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Experiment 5

Forces in Equilibrium

Name: Raphael Fernando T. Adolfo CYS: MEB 31 Grade:

Instructor: Engr. Jennifer B. Igat Date Submitted: 10-20-2016


If an object is neither moving through space (translating) nor rotating, it is said to be in static equilibrium. The sum of the
external forces acting on the object must be zero (recall forces add as vectors); and similarly the sum of the external
torques must be zero. This experiment will teach us to investigate the effect of specific interactions (forces) on the motion
of objects. The forces in this lab will be tensions and weights. The magnitude of the weights will be determined by using
known masses and using the formula mg. Furthermore, the direction of weight is known to be vertically down. Because
the masses are in static equilibrium, we will be able to determine the tensions. The objective of this experiment is to
determine the mass of an object that is in static equilibrium. The best trial that we got is in the 150 the percentage error is
= 1.01%, Tension = 1.27, and mass = 500.7


 Xplorer GLX

 Force Sensor

 Dynamic Track

 Dynamic Cart

 Large Base and Support Rod

 Universal Table Clamp

 Rod

 Angle Indicator

 Spring Balance String


If an object is at equilibrium, then the forces are balanced. Balanced is the key word that is used to describe equilibrium
situations. Thus, the net force is zero and the acceleration is 0 m/s/s. Objects at equilibrium must have an acceleration of
0 m/s/s. This extends from Newton's first law of motion. But having an acceleration of 0 m/s/s does not mean the object is
at rest. An object at equilibrium is either at rest and staying at rest, or in motion and continuing in motion with the same
speed and direction.

If an object is at rest and is in a state of equilibrium, then we would say that the object is at "static equilibrium." "Static"
means stationary or at rest. If the object is at equilibrium, then the net force acting upon the object should be 0 Newton.
Thus, if all the forces are added together as vectors, then the resultant force (the vector sum) should be 0 Newton. (The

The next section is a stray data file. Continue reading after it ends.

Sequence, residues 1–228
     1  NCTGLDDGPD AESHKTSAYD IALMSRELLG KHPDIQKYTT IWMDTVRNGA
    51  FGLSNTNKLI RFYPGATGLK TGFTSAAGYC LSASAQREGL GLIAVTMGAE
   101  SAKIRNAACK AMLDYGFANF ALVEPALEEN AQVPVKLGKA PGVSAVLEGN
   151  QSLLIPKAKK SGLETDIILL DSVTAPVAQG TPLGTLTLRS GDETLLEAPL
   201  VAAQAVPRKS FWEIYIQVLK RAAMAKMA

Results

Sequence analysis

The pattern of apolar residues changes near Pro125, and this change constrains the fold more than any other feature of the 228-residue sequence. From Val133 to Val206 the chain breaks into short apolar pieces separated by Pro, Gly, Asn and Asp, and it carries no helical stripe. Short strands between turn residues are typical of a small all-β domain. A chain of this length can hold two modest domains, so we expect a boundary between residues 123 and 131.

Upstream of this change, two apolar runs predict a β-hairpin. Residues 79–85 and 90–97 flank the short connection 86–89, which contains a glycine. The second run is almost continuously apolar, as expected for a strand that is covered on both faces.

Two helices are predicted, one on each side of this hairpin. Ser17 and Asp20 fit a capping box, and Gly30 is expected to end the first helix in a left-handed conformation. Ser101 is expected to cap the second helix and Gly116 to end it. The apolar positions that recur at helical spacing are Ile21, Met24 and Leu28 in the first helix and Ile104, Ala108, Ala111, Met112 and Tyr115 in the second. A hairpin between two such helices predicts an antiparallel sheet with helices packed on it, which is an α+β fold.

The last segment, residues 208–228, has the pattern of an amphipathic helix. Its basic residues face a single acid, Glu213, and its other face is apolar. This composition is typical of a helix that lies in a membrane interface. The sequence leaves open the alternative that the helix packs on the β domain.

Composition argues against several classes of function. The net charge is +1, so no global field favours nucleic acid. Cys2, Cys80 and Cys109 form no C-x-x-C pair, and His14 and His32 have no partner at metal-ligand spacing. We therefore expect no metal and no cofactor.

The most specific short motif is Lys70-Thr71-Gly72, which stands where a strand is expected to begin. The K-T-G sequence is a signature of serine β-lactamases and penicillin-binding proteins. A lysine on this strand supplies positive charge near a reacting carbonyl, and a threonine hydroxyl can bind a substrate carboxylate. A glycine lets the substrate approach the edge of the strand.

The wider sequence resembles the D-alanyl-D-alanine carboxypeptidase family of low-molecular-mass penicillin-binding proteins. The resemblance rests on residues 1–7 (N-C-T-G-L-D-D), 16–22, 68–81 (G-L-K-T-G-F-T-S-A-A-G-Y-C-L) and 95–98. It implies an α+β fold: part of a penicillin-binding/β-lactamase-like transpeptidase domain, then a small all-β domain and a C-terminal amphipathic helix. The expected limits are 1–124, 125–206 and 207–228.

net force is "the vector sum of all the forces" or the resultant of adding all the individual forces head-to-tail.) Thus, an
accurately drawn vector addition diagram can be constructed to determine the resultant. We computed the experimental
mass through the use of the formula m = T /g sin𝜃. The tension in the cable and the angle that the cable makes with the
horizontal are used to determine the weight of the dynamic cart. The idea is that the tension, the angle, and the weight are
related. If the any two of these three are known, then the third quantity can be determined using trigonometric functions.

Our analyzation and interpretations based on the table is as follows: (1.) the maximum force of static friction that exists
between two surfaces is proportional to the normal force and mostly independent of area of contact. In our experiment it is
shown that: N = the total normal force (force perpendicular to the horizontal surface) which is essentially the weight of the
object. The coefficient in that equation is called the coefficient of static friction and that depends on the material. (2.)
Based on the graph as the angle increases the percentage error decreases it means that higher the angle the more
accurate the result will be. (3.) You can observed in the table that the experimental mass of the 3 angles are close to each
other or it is relatively constant.


Trial Tension, T (N) Mass (grams) Percentage error

Experimental Actual
50 0.41 480.0 505.8 5.10%
100 0.85 499.5 505.8 1.25%
150 1.27 500.7 505.8 1.01%

𝑔 𝑠𝑖𝑛𝜃

For 50:
9.8 sin 50
= 0.48 kg
0.48 kg x

= 480.0 g

For 100:
9.8 sin 100
= 0.49 kg
0.49 kg x

= 499.5 g

For 150:
9.8 sin 150
= 0.501 kg
0.501 kg x

= 500.7 g